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The Gearzette


- March 02, 2024

Purchasing an overland vehicle is a costly exercise. Before doing just that, you need to consider which vehicle best suits your specific needs and planned adventures. Read our Choosing the Right Overland Vehicle article to help you make the right choice. ​

The modern overlander has a much broader range of vehicles to choose from today, especially once you start considering vehicles like the Grenadier or a Unimog. To help you choose we’ve compiled a list of the top 5 overland vehicles of all time. ​

© Craig Kolesky © Gürel Sahin

Land Rover Defender​

Land Rovers first saw the light of day at the 1948 Amsterdam Motor Show. The 80-inch utilitarian Series One’s on display were made for the military and farmers, yet adventurers with a wanderlust soon took a massive liking to them, and they quickly became the overlander’s vehicle of choice. ​

Then 42 years later, the Land Rover Defender as we now know it was born. It’s often said that a Land Rover is usually the first motor vehicle seen by remote-dwelling tribesmen. The world fell in love with the iconic shape of the Defender, and soon the military, game parks, and anyone who needed a real workhorse had one too. Especially overlanders, who could bolt on bits like a roof rackspare fuel tank, and water tanks. As Defenders were sold almost everywhere, getting spare parts for them was not a problem. ​

Sadly, Land Rover stopped producing old-style Defenders in 2016, shortly after the two millionth Defender rolled off the production line. This led to a massive increase in their popularity and price. The jury is still out on whether the new Defender, with all its electronics and computers, is equally capable.  

© Craig Kolesky

Toyota Land Cruiser  ​

The Toyota Land Cruiser is, without a doubt, the most common and reliable vehicle spotted on remote overland tracks worldwide. Production of the Land Cruiser began in 1951, and by the end of 2019, they had already sold over 10 million of them. Remember when the old Defender production ended? They had only sold just over 2 million of them. ​

While the FJ40 and FJ45 are now highly collectible classic Land Cruisers and go for top dollar, the 80-Series, launched in 1990, cemented the Land Cruiser as a global overlanding superstar. The high-in-demand latest Land Cruiser, the 300 Series, has further elevated the status of the people’s choice on the overland circuit.​

© Ian Niklaus ©Front Runner

Toyota Tacoma

The Toyota Tacoma was first introduced to the US market in 1995 as a replacement for the Toyota Pickup (known as the Toyota Hilux in other parts of the world). While the Hilux had already developed a global reputation for being one of the toughest 4x4s in the world, the North American market needed something that had better ride quality, more comfort, and was bigger, of course, and the Toyota Tacoma more than delivered on all those fronts. It did not take the Tacoma long to become a firm favorite as an American overland option. Further proof of this is the fact that they sold 150,000 of them in 2000, while in 2021, this figure peaked at 252,490 in America. 

The popularity of this midsize truck was further cemented in May 2023 at the Overland Expo West event when attendees got to see the 4th generation version of the Tacoma for the first time. At the heart of this model is a turbocharged inline 4-cylinder gas engine. What makes it such a popular overland option is the fact that it is extremely customizable, can carry loads of overland gear, and is very reliable. What more could anybody want from their overland truck?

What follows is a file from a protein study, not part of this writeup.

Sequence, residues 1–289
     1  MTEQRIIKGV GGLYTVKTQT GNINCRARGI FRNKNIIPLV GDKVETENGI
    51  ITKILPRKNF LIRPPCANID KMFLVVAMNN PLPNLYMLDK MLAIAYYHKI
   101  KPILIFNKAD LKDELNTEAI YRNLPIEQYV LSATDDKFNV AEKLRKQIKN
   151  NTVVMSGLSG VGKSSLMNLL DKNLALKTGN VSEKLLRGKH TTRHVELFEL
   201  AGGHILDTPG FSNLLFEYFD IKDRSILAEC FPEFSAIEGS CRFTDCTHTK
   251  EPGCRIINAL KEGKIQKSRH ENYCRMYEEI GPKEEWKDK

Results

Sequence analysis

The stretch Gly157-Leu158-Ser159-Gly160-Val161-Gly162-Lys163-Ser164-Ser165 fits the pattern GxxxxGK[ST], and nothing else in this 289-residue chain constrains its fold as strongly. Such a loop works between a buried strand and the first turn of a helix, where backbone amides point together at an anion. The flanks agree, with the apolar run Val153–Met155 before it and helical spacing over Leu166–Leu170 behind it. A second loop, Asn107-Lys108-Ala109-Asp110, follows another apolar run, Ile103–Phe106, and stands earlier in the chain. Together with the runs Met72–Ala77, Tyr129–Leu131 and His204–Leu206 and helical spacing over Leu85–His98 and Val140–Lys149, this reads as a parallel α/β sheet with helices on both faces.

© Front Runner © Falk Siegel

Mercedes Geländewagen ​

The boxy-shaped Geländewagen was launched in 1979, and since then, it has served aid organizations, overlanders, and remote communities with great distinction in the most testing terrain imaginable. While the AMG models are attracted to the urban jungle, the basic, no-frills 464 commercial version is perfect for the most extreme overlanding tracks. ​

Thanks to its three-ton payload, the Geländewagen can carry lots of gear, water, and fuel, while the three locking differentials make it a super capable off-roader. The heavy-duty axles can handle a bump or three, and there is the hugely practical fact you can rinse out the rubber mats and interior with a hosepipe after a muddy or dusty trip. We asked the Front Runner founder Stanley Illman why he used the 463 commercial Mercedes Geländewagen as a base vehicle when he built the Mercedes Entdecker: “Having traveled about 400,000 km over 30 years through the most remote and hostile terrain in Africa in Mercedes vehicles and never once needing a tow, we knew the Mercedes 463 was the platform on which to build the ultimate expedition vehicle.” They might be pricey, but they are, without a doubt, the real deal. ​

© Sidetracked.Australia

Nissan Patrol ​

If a vehicle is much-loved and respected in Australia by overlanders and all those driving about the dirt tracks of the Outback, then you know it must be very good. There is no other country in the world where the Nissan Patrol receives as much admiration as it does in Australia. During the heydays of the tough vehicle-breaking Outback Challenge, most people used modified Nissan Patrols for the event.​

The first-generation Patrol came out in 1951 and looked a bit like an over-inflated Willys Jeep; it was only when the 4th generation Patrol came out in 1988, and it got coil sprung suspension, live axles, and power steering that the world began to take notice of this behemoth off-roader that was available as both a pickup and SUV. ​

You still see them in use by the military and aid organizations, especially in rural areas with rough tracks. The bulky Patrol has proven virtually unstoppable on challenging overland trips.